HI, and welcome to my blog! I am a field guide in a private game reserve in South Africa and below you will find stories and pictures of my amazing job!

October 12, 2011

Balinese Bliss

After a long drive back to Windhoek and the flight back to Johannesburg, Rika and I were afforded 1 night at home before heading back to the airport for the honeymoon.  Although booked 8 months in advance, I had been able to keep the destination a secret until then and relished at Rika’s excitement when she discovered that our destination was the island of Bali.  After 14 hours of traveling, we landed in Bali and were met by our hotel representative and whisked away to the mountains for the first of 3 locales of the honeymoon.  Although tired, we watched the scenery drift by as we headed north to the mountains and our home for the next four days; the Munduk Moding plantation.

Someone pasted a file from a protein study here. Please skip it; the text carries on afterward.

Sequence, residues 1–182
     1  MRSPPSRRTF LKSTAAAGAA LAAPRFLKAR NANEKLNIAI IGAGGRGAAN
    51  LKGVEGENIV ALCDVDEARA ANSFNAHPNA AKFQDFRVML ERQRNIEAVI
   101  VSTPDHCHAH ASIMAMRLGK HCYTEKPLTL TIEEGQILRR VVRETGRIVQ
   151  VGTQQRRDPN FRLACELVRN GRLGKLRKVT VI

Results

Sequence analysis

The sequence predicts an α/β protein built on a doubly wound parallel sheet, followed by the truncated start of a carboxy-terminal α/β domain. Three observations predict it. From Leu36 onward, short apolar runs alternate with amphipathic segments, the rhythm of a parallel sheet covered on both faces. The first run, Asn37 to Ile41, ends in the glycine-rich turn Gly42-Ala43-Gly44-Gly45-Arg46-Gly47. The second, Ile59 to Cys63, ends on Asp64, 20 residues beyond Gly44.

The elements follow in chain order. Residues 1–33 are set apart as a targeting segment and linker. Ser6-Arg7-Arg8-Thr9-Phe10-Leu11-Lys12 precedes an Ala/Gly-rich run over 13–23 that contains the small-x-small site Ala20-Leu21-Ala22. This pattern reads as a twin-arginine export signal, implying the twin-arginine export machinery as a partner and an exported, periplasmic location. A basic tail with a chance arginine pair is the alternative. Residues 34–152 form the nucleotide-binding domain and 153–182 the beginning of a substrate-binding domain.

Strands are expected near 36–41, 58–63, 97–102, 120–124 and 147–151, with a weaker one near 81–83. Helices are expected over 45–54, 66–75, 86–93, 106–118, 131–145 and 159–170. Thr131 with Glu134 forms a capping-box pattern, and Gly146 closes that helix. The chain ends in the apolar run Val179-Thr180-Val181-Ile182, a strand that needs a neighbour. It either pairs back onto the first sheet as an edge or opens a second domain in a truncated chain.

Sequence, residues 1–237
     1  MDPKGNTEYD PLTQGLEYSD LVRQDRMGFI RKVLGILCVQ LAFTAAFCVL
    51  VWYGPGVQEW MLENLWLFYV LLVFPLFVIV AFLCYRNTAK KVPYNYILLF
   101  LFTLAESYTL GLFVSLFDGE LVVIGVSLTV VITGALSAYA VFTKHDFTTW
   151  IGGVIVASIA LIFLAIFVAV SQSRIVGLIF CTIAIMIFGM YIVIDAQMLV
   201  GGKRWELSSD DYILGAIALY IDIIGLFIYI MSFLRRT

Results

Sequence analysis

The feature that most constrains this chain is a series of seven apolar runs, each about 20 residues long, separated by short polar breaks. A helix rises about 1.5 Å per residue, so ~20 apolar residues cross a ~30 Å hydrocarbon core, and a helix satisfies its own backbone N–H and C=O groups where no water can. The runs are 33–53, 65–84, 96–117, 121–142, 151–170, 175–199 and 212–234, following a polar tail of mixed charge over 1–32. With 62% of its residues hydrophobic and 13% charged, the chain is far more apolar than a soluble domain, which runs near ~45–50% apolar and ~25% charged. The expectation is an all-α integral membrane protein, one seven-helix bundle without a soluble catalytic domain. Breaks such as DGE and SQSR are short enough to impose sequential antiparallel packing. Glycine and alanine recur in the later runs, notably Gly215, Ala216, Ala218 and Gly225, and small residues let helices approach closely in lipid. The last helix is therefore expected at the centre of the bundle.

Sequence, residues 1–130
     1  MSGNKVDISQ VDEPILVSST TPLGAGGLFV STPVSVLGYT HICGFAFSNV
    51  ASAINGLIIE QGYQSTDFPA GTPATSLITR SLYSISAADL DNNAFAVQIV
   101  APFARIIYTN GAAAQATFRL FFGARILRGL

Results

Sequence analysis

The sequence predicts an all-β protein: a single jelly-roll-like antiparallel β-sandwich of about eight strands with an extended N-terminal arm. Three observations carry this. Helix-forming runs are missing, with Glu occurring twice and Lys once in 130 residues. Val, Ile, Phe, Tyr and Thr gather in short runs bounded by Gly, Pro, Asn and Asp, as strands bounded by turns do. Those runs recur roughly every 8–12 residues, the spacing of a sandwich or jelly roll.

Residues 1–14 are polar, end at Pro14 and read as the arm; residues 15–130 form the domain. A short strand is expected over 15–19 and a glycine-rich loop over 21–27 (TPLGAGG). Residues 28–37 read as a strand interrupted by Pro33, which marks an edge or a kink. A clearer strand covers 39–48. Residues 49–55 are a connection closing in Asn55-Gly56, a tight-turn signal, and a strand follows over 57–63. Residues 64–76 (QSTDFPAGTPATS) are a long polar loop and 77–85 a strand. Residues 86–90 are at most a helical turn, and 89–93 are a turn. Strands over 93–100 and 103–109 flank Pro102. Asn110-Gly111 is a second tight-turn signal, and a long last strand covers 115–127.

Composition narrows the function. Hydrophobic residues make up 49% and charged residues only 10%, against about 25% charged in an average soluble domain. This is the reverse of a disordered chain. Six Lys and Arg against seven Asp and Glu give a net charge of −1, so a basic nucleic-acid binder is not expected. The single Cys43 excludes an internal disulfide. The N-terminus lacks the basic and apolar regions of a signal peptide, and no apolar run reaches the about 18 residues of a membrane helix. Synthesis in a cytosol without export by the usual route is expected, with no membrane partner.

The hotel was tucked away in a coffee plantation, surrounded by tropical vegetation.  Warm temperatures and tropical humidity greeted us by day and at night; the mist rolling in from the surrounding mountains shrouded us in a cool blanket of cloud.  Service in Bali is impeccable and even in the industry that we work in; we learned a few things about personalized service.  Food was great and we spent most of the time there enjoying the scenery and the infinity pool, leading to a cliff top overlooking the northern coastline and the Javan Mountains beyond.  We visited a local hot springs, borne from the volcanic rocks of the island, reported to have healing properties among the locals and also a Buddhist temple.  Although Hindu is the most prevalent religion, Buddhist temples are common on the island with their extravagant architecture, striking icons and rich tradition.